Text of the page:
July 1st, 2017 was a date that marketers in Canada were wary of: on this day, Canadian Anti Spam Law (CASL) provisions would have allowed lawsuits to be filed against individuals and organizations for alleged violations. However, this is no longer the case, as the provisions have been suspended indefinitely as of this writing. But this does not change the legality of CASL, which is quickly approaching its third anniversary. The monthly average volume of total email – which is split evenly between spam and legitimate messages – dropped 29%. (click to tweet)
Read on to get a snapshot of how the email marketing landscape in Canada has changed, and what you can do to ensure CASL compliance.
A brief summary
Are you unfamiliar with CASL? It was put in place to “protect Canadians while ensuring that businesses can continue to compete in the global marketplace”, and it affects organizations that send commercial electronic messages (which eventprofs typically do). The law stipulates that you need to have 3 things: the recipient’s consent, to identify yourself, and to offer an unsubscribe mechanism.
The maximum fine for businesses that break these rules is $10 million. Sanctions can vary depending on the degree of the offence, and the good news is there are no automatic fines issued. Still, it’s better to be safe than sorry: a Quebec company was fined $1.1 million in 2015. That case demonstrated that collecting emails in a dishonest way (using address-harvesting software of some sort) and not keeping detailed records that prove your subscribers’ consent are bound to get you into trouble.
One year later
Marketers struggled to adapt to the new laws and some businesses felt the urge to resend a request for consent to their entire list or worse, destroy their subscriber list and start over, which was unnecessary in the majority of cases. While there were grumblings from marketers about CASL hurting their competitiveness, there’s been a 37% reduction in global spam originating from Canada since the law was passed.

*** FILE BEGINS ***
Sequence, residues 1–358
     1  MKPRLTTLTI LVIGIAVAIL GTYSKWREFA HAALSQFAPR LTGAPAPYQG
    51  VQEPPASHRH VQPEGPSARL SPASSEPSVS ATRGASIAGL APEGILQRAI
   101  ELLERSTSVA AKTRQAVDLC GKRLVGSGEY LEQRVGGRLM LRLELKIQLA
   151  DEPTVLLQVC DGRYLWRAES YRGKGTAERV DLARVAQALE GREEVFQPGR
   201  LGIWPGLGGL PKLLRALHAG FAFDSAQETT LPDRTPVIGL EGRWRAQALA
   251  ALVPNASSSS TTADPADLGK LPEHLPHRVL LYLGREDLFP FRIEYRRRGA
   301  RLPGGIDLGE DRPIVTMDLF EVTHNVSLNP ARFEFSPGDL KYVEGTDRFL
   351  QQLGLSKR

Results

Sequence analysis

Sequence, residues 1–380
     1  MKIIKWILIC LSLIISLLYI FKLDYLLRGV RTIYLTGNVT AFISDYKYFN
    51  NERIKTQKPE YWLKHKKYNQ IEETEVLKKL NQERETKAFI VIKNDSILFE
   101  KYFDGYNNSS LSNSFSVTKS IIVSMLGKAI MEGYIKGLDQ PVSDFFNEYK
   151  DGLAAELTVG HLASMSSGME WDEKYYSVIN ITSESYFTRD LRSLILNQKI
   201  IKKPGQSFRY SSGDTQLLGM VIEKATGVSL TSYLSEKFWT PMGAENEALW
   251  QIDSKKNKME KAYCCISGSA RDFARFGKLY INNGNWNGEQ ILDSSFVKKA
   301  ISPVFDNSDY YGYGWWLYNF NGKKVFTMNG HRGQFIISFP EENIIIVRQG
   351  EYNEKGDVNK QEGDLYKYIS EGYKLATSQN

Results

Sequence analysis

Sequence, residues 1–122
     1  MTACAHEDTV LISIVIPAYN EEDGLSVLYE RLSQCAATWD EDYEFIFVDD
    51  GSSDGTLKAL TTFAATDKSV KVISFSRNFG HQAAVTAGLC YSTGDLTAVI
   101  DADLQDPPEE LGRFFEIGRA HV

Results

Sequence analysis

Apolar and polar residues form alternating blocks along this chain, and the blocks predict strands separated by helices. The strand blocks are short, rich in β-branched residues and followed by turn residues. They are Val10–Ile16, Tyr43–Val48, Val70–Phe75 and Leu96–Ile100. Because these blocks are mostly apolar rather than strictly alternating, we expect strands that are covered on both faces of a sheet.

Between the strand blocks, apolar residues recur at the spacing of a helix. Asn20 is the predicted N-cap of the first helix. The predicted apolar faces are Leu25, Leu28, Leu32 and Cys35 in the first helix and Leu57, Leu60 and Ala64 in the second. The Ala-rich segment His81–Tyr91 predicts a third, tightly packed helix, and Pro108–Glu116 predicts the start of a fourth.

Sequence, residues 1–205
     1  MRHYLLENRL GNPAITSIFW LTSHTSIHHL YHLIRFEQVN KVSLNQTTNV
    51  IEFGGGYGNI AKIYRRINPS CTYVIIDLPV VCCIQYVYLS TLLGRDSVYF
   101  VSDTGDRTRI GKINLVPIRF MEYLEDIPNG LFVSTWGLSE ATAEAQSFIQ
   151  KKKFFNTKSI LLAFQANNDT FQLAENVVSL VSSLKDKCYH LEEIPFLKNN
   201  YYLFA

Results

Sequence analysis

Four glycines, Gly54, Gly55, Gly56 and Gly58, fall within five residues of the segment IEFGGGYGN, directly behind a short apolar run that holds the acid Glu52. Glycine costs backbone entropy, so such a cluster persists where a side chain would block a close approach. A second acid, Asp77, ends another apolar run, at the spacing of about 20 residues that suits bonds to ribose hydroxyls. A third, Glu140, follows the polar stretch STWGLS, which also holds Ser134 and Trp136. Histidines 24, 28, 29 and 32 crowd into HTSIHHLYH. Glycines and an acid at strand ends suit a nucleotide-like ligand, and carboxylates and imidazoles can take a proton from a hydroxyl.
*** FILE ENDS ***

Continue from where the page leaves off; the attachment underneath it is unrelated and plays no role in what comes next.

Two years later
Rogers Media, Porter Airlines, and Vancouver-based PlentyOfFish were the next organizations to receive fines for CASL compliance violations. A new law under CASL was introduced in 2015 regarding businesses installing software on other people’s computers, in an effort to combat malware. In December 2015, this law provided the means for a botnet takedown in Toronto to put a dent in the distribution of Dorkbot malware that affected over 1 million PCs worldwide.
Three years later
In August 2016, Kellogg Canada Inc. paid a $60,000 fine after a third party sent emails on its behalf without the required consent, underlining the importance of keeping detailed records of express and implied consent. The definition of implied consent was challenged for the first time in October 2016 when Blackstone Learning Solutions Group was fined $640,000 for mass-emailing employees of government institutions using publicly available email addresses. The company may have had implied consent, but having no records of where and when the emails were collected, as well as no proof of relevancy or potential withdrawal statements, is unlawful. After the appeal, the fine was reduced to $50,000.
Here are some key things to remember about CASL in relation to your event marketing efforts. Firstly, if the CRTC is to investigate you, they will take your intentions into consideration. Demonstrating your willingness and efforts to comply with the law is very important, and can be proven through marketing plans that outline how you obtain your contacts, as well as staff training plans. When it comes to promotional eblasts, the opt-in language you use needs to be clear and transparent, and you must respect the 10 day deadline to cease sending emails if someone unsubscribes. You also need to implement an accurate, real-time storage system that allows you to prove each and every opt-in, updating the current status of each individual as their circumstances change. This should show where they came from and record complaints/resolutions.
CASL: A deep dive
With more than half of marketers saying they would increase email marketing budgets in 2017, and the consistent ROI it delivers, the temptation to grow subscriber lists to enormous levels and blast promos at will has been high for much of the 21st century. CASL was introduced to thwart the efforts of spammers in Canada in hopes of curing email clutter for the average consumer. You may not consider yourself a spammer as an event marketer, but CASL applies to you nonetheless. While you may perceive CASL compliance as one big headache, we want to encourage you to take the time to be discriminate about your email lists. Not only will your marketing efforts be in line with Canadian legislation, but your brand stands to benefit considerably as your open and click-through rates improve!